Chandigarh Diary: Centre rejects funds for city

The Centre has rejected the BJP-ruled Chandigarh Municipal Corporation’s demand seeking `925 crore to run its affairs.

Published: 28th November 2017 09:25 AM  |   Last Updated: 28th November 2017 09:25 AM   |  A+A-

Express News Service

No funds for city
The Centre has rejected the BJP-ruled Chandigarh Municipal Corporation’s demand seeking Rs 925 crore to run its affairs. The Finance Ministry did not entertain the request and bluntly told officials to generate their own funds. The civic body had been demanding implementation of the Fourth Delhi Finance Commission,  recommendation which said more financial powers should be given to municipal corporations. 

No GST for street biz 
Around  19,395 shopkeepers in Chandigarh pay GST as they run their businesses in shops. But there are 21,662 street vendors in the city who do not have to pay GST as they peddle their wares on pavements. The vendors do not pay licence fees to the municipal corporation while shop owners have to pay lease money. Corporation’s attempts to impose taxes on these vendors are stonewalled by elected councillors.

20 green buses to ply across the city
Like Delhi and other north Indian cities, rising pollution has been a concern in Chandigarh also. The UT administration has decided to buy 20 electric buses at a total cost of `32 crore. Each bus will cost `1.5 crore, while a similar AC diesel bus costs `25 lakh. These buses are being bought under a Centrally sponsored scheme, wherein 60 per cent of the cost will be borne by Union Ministry of Heavy Industries and Public Enterprises. Each bus will have a seating capacity of 26 and standing space for nine passengers. Apart from reducing emissions, the electric bus will also cut the running cost — `5 per km compared to `18 per km that a diesel bus costs.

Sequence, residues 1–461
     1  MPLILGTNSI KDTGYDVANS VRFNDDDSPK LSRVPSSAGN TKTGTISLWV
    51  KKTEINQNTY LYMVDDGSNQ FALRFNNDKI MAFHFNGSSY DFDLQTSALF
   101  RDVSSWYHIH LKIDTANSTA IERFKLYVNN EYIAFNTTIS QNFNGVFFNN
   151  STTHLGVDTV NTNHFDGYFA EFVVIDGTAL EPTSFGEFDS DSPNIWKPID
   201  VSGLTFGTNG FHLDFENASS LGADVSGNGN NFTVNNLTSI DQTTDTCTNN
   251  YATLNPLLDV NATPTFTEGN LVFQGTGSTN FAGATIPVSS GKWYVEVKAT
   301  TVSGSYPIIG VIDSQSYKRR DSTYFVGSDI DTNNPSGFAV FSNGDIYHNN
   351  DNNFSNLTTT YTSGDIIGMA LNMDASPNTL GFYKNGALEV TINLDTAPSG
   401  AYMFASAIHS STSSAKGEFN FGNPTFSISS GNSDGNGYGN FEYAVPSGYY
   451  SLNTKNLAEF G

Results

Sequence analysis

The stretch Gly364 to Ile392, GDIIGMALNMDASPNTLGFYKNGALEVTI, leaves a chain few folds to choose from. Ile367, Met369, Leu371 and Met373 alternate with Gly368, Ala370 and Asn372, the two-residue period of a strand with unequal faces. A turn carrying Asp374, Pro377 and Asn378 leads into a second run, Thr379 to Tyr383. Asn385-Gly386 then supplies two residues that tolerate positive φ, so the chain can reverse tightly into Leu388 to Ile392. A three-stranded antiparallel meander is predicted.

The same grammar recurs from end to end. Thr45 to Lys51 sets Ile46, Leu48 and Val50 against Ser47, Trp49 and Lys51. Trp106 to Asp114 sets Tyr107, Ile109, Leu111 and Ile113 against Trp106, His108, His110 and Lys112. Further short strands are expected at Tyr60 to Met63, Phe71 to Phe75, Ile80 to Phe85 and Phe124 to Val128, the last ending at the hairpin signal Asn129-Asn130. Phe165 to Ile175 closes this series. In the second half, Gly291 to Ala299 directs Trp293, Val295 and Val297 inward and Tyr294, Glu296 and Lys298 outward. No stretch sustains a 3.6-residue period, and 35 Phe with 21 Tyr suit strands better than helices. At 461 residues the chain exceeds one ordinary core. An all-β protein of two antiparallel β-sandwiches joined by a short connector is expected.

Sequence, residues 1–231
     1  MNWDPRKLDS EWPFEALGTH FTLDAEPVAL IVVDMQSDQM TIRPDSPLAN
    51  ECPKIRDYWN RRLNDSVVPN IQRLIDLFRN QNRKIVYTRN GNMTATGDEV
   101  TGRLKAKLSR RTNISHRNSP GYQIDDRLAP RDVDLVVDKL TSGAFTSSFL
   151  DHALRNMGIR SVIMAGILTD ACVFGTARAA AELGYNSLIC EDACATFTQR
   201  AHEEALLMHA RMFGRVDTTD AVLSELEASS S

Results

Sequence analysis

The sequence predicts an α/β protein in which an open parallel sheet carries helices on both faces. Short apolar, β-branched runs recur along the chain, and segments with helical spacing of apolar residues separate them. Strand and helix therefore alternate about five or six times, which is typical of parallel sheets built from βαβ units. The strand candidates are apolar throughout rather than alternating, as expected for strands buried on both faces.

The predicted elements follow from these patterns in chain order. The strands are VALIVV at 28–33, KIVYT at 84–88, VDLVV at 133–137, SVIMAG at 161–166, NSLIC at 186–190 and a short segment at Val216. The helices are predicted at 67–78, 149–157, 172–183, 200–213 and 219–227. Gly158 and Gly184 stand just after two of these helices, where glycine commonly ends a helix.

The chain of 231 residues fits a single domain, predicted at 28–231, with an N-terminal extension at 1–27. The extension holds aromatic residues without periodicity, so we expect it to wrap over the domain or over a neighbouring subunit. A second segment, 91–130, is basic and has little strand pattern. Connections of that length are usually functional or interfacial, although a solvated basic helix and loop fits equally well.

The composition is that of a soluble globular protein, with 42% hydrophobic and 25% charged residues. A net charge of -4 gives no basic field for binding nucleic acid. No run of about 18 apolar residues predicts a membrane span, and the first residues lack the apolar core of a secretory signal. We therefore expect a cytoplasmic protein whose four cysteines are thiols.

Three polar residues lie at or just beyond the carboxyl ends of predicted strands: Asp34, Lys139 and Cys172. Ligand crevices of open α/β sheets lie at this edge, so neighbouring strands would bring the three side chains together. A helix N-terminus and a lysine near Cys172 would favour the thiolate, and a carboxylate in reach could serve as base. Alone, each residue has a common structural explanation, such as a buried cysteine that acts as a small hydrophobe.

De-congestion bid runs into rough weather
The Chandigarh Administration’s grand plan to decongest the city has run into rough weather. Not only the residents and traders, but also the political parties and other organisations have fiercely opposed the draft proposal hiking parking fee and road tax. Stiff opposition comes from municipal councillors who fear lose of their vote bank. The draft proposal suggests imposing congestion tax in Sectors 17, 35 and 22 and several other markets with high vehicle density. If one buys a second car costing `10 lakh or above, the registration charge will be 50 per cent of its price. The draft proposal also says vehicle owners will have to show certificates of parking availability at the time of registration.

Infrastructural differences 
The class divide in Chandigarh came to the fore yet again when the municipal corporation received complaints of non-functional street lights. Of the total 3,752 complaints, only 164 were from northern sectors (Sector 1 to 10). The rest were received from the southern sectors of the city. Most of the other complaints about absence of basic amenities, such as potholed roads, erratic water supply, non-functional streetlights etc., are usually received from these parts of the city. No prizes for guessing that the northern sectors the VIP areas where chief ministers, ministers, bureaucrats, top police officers and the rich and powerful live whereas the bulk of the pollution lives in the southern sectors.

Our correspondent in Chandigarh

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